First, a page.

Thomas Watson

[Andrew Fastow] thinks all management decisions should face one simple question. “If this company were privately owned, and I were leaving this company to my grandchildren, would I make this decision?”

Charles J. Palus

Managers typically spend roughly 80 per cent of their time solving a problem and only 20 per cent actually examining the problem and its context. For situations of high complexity or novelty, another approach is required such that 80 per cent of one’s time is spent exploring the challenge and its context.

Tima Bansal, Mark DesJardine

The common approach to corporate social responsibility is grounded in ethics, morality and norms. And there is no question that many CSR initiatives are good at balancing competing demands made by shareholders and other stakeholders. To do this, however, many supposedly responsible firms borrow resources and capital from the future, which can magnify the imbalance in the distribution of resources between the short and long … [ Read more ]

Knud B. Jensen

When it comes to an effective governance model, one size does not fit all. Context is paramount. Context is both endogenous and exogenous. Endogenous variables include complexity, asset base, competitive advantage, capital structure, quality of management, and board culture and leadership. Exogenous variables include industry structures, position in growth cycle, competitive force, macroeconomics (interest rate, commodity pricing), world supply and growth, political changes, and unforeseen … [ Read more ]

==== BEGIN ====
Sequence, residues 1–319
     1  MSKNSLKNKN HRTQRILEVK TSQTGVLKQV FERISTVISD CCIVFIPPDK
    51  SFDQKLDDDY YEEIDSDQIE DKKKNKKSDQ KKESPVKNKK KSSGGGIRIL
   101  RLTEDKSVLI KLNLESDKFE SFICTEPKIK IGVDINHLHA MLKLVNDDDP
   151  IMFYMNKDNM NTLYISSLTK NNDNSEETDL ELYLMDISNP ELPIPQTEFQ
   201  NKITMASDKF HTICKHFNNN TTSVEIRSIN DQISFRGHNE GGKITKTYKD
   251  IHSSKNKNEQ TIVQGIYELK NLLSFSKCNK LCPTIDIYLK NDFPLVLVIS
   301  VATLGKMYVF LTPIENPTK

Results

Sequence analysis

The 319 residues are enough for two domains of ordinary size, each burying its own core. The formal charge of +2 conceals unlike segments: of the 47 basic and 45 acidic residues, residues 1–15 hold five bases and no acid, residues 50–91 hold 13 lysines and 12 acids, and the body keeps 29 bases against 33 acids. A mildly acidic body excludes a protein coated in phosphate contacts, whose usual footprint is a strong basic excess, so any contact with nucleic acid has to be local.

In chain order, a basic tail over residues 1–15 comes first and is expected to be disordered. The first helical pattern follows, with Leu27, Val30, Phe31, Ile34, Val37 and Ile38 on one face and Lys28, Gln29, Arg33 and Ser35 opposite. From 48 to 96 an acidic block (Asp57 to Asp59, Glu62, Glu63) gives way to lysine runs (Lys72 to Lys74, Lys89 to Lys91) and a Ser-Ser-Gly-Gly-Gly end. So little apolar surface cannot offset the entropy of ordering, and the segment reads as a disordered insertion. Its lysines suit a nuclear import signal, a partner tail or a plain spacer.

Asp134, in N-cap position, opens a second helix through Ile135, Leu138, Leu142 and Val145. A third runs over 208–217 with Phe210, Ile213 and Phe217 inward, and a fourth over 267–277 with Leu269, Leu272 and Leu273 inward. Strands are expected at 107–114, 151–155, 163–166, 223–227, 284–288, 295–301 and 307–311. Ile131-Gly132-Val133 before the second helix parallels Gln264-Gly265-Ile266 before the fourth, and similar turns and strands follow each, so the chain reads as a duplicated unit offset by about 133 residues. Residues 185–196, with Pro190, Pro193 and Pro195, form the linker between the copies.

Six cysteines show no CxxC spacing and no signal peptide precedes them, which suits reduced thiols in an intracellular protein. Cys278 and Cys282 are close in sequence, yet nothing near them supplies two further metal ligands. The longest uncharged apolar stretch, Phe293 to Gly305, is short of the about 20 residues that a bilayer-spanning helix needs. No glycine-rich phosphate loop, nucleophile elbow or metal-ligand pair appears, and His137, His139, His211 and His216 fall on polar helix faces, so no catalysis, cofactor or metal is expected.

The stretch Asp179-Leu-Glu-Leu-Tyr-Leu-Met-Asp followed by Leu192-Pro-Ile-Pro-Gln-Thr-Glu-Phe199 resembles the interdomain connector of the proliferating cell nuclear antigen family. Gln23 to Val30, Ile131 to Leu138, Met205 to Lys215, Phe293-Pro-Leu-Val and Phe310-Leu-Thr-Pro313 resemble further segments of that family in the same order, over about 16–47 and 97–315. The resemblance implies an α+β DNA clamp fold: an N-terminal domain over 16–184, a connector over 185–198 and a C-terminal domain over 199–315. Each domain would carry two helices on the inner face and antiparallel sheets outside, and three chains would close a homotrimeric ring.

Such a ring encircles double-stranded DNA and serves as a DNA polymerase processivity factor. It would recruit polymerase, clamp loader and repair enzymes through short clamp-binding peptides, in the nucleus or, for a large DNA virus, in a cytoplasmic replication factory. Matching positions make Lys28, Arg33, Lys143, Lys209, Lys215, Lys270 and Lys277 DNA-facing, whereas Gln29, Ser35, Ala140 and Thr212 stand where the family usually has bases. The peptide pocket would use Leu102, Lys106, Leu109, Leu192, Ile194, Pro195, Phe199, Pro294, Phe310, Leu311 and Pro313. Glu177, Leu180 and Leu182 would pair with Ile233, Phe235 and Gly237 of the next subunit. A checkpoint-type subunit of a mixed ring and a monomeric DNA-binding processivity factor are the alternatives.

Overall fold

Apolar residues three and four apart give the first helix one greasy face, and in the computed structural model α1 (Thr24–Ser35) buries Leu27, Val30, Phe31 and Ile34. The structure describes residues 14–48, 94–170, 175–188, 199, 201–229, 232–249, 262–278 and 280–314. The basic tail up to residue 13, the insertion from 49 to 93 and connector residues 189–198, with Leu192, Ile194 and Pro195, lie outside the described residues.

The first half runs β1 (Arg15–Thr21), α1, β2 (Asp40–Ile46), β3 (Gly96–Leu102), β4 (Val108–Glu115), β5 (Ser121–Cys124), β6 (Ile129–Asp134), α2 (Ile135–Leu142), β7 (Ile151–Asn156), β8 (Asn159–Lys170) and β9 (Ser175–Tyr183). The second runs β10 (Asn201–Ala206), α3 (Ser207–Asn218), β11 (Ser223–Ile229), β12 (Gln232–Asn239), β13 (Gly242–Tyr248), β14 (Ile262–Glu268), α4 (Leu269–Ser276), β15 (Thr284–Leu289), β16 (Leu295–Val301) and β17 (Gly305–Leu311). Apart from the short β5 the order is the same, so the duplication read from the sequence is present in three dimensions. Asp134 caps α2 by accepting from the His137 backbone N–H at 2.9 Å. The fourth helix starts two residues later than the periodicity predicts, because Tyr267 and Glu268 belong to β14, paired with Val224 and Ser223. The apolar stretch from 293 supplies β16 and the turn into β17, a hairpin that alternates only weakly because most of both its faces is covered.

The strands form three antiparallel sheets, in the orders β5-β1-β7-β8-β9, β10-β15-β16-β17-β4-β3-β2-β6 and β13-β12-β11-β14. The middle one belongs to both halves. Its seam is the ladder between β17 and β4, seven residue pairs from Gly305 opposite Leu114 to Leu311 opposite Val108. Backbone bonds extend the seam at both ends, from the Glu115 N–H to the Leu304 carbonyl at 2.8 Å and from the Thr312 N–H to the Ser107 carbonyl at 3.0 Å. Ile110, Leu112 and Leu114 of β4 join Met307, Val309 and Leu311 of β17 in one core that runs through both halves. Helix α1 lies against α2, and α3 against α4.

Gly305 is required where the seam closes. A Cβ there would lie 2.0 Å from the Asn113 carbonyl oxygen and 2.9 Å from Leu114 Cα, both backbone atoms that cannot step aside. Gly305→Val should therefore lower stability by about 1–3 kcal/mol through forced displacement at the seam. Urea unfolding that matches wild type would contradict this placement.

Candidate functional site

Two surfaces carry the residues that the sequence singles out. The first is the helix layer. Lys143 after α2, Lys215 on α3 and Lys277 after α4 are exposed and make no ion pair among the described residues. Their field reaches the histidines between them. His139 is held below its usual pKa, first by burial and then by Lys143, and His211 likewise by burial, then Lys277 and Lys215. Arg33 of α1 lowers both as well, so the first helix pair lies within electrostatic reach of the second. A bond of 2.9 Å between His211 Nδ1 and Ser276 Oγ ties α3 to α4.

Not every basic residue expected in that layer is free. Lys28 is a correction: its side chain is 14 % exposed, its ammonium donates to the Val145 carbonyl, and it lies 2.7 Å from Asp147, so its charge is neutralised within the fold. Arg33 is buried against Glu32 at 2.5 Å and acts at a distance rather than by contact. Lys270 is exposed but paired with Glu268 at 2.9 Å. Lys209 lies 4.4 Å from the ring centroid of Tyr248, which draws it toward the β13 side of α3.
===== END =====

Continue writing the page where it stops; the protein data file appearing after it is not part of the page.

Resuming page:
Reviewing the Review

As head of strategy for a global consulting firm, I was involved in hundreds of reviews. Based on my observations, I estimate business leaders spend an average of three to five days per month being reviewed or reviewing someone else. A typical review with any leader takes 60–90 minutes. People generally prepare 20–30 presentation slides to show during their review, and 40 per cent of … [ Read more ]

Paying for CSR is Good Governance

More and more firms today are including incentives for corporate social responsibility (CSR) in their executive compensation contracts. But is this a worthwhile practice? Who benefits from it? Recent research shows a link between CSR activities and better social performance and the bottom line. But is paying for CSR beneficial for shareholder interests? Accounting and stock-price performance incentives are already common in executive compensation contracts … [ Read more ]

The Perils of Democratic Decision Making

Enterprise Social Software (ESS)-enabled communities can contribute significantly to decision making, but how well they contribute depends on the type of decision being made and the role given to ESS. Deploying online communities to democratize decision making is very conducive to enhancing operational and tactical decisions in terms of identifying and including the “right” stakeholders and decision makers impacting work practices, as well as gaining … [ Read more ]

Building Trust Is a Blood Sport

Trust is seen by many managers as one of those soft issues best discussed in a sensitivity seminar. However, science clearly shows that a culture of trust stimulates productivity and innovation while also improving employee health and happiness. And after a decade of experiments, science also shows us how to build trust.

This article looks inside our heads to explain why trust is an effective means … [ Read more ]

The Myths of Unethical Behaviour

This article attempts to debunk the myths of unethical behavior created by business ethicists and to use the work of criminologists, who have been studying immoral behaviors for generations, and researchers in social psychology, to argue that unethical corporate behavior is most often a result of situational and contextual factors, job dependence and cognitive factors, which is perhaps an even more disturbing conclusion than the … [ Read more ]